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Complete info benchmark Suppose 2’s cost is known to be c+є Firm 2’s program is the same as before Firm 1’s program is: The Cournot equilibrium is Two key differences with incomplete info case: 1. Firm 1’s qty depends on firm 2’s cost 2. For Equil profits are Efficient types of 2 would like their costs publicly revealed!!

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Revealing costs to a rival Suppose firm 2 can reveal its cost, or choose not to After revelation/ no revelation, firms compete in qty Assume that after non-revelation, firm 1 believes she faces a type with cost larger than some Theorem: In equilibrium, = Θ Sketch of Proof: Fix < Θ - Firm 1’s best response is: - Firm 2’s best response is: - If cost not revealed, firm 1 responds to qty produced by average type between and Θ. Let this qty be

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Revealing costs to a rival Sketch of Proof: - Let be a Bayes-Nash equilibrium - In equilibrium the conjectures must coincide with the best responses - In particular, firm 1’s average conjecture about firm 2 must equal the average firm 2’s production. However, the support of є for computing the expectation is now (, Θ] - So, - Using,, and solving simultaneously,

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Revealing costs to a rival Sketch of Proof: - Equil quantities are: - Price in equil is - Equil profits are: - For firms with profits are lower than in the complete info case. These firms want to reveal cost - So without revelation, firm 1’s belief is that - Let. By same logic as above, all types would like to reveal. Proceeding similarly, in equil. Thus all types of player 2 will reveal their costs !!

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Example: Signaling willingness to pay Suppose Sotheby’s is selling diaries of Leonardo da Vinci Bill Gates, most promising buyer has 2 types: -aficionado (type 1) with WTP θ -mere fan (type 2) with WTP μ, θ>μ>0 Sotheby’s assigns probability ρ to type 1 Does Gates have a reason to signal his type? Can he do so credibly?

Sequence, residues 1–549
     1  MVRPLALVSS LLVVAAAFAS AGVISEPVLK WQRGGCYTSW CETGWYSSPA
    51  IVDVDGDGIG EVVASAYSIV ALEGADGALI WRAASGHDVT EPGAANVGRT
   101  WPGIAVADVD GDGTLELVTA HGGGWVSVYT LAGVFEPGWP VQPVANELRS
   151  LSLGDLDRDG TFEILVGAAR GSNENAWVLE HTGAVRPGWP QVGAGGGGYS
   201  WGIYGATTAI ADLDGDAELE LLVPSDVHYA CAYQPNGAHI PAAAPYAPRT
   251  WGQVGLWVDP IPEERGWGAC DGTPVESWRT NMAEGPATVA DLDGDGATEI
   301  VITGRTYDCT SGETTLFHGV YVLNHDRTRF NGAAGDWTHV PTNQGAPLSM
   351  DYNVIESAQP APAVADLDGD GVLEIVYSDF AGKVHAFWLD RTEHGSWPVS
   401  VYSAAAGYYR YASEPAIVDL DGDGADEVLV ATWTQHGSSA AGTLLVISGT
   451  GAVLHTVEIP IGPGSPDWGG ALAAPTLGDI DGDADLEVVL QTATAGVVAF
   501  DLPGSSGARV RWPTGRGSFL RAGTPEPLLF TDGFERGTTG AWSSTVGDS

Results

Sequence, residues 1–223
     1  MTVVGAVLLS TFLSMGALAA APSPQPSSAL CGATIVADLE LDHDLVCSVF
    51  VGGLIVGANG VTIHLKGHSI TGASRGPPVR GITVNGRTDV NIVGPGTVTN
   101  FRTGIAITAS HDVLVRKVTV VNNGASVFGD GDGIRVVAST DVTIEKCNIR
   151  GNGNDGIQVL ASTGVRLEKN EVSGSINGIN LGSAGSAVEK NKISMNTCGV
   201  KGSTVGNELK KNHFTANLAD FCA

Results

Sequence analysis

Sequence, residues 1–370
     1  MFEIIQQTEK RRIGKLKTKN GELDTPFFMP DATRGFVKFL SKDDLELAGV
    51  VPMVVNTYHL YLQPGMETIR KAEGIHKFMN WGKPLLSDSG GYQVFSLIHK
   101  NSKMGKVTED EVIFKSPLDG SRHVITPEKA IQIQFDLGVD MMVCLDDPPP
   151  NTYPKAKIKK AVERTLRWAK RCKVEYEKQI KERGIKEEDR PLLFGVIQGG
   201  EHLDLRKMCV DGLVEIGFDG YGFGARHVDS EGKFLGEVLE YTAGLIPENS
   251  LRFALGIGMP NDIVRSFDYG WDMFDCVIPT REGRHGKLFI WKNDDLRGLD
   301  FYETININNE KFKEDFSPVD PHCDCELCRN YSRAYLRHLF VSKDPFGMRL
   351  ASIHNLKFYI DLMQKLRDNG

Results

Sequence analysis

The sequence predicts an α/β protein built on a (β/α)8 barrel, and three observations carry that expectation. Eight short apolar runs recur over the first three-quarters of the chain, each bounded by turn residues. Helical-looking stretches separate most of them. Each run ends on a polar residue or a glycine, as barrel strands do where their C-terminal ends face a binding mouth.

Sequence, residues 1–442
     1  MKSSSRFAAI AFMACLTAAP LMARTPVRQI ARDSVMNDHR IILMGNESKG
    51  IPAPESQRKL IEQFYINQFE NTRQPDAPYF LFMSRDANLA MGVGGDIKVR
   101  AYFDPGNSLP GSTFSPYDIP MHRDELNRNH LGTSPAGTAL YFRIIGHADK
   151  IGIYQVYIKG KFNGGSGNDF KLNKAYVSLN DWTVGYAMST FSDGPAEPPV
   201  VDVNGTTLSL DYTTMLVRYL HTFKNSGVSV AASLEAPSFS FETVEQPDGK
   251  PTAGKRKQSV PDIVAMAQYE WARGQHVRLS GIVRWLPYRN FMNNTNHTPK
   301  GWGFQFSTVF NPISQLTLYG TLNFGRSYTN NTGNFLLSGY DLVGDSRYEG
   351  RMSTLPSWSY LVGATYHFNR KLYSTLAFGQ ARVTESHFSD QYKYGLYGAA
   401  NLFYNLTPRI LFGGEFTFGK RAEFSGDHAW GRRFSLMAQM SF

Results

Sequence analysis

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Example: Signaling willingness to pay Sotheby’s pricing options: 1. Set a flat price p. The price will be p=μ 2. Guarantee purchase at a higher price (say, θ/2), and sell w.p. ½ at a lower price μ (θ/2> μ) Sotheby’s expected profit from pricing option 2 is: ρ.(θ/2) +(1- ρ).[(1/2).μ+ (1/2).0]. Expected profit from option 1 is μ. Sotheby’s prefers option 2 if ρ> μ/(θ –μ) Will buyers credibly reveal their types? -Fan gets surplus μ-θ/2 with price θ/2, and surplus 0 with price μ. So prefers price μ if θ/2> μ -Aficionado gets surplus θ/2 with price θ/2, and surplus (θ- μ)/2 with price μ. So prefers price θ/2 Yes, high-value buyer will truthfully reveal his type and pay θ/2

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Lemons: Problem of quality uncertainty Buyers in mkt are uncertain about quality Seller knows true quality Quality can be good or bad: repair cost is 200/1700 for good/bad quality Buyer’s valuation before repairs is 3200: thus valuation for good/bad qlty is 3000/1500 Seller’s valuation before repairs is 2700: thus valuation (without selling) for good/bad qlty is 2500/1000 Good qualityLemon Net buyer valuation Net seller valuation

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Lemons: Problem of quality uncertainty With complete knowledge both qualities would sell: -lemon owners will sell to buyers looking for lemons: 1000

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Signaling quality through warranties The seller of good quality can offer a warranty Consider two extreme cases: complete warranty (100% coverage) and no warranty (0% coverage) Payoffs with complete warranty: -Seller only accepts prices p greater than Payoff to lemon/good quality seller is p-1700/p-200 -Buyer’s payoff is 3200-p -For p<2700, buyer gets 0, two types of sellers get 1000 and 2500 Payoffs without warranty: -Lemon seller sets p>1000. Buyer/seller get 1500-p/ p -Good quality seller sets p≥2500. Buyer/seller get 3000-p/ p

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Signaling quality through warranties Consider the strategy: A lemon seller offers no warranty, but a good quality seller does. Buyer bids 2700 with warranty and 1000 without This is a separating PBE Buyer can tell if he is bidding on a lemon, and given seller’s strategy, absence of a warranty implies a lemon What about the two types of sellers? -If lemon offers warranty, he gets 2700 & pays 1700 for warranty costs. So he will not switch signals -If good quality seller offers no warranty, he gets only So he too will not switch signals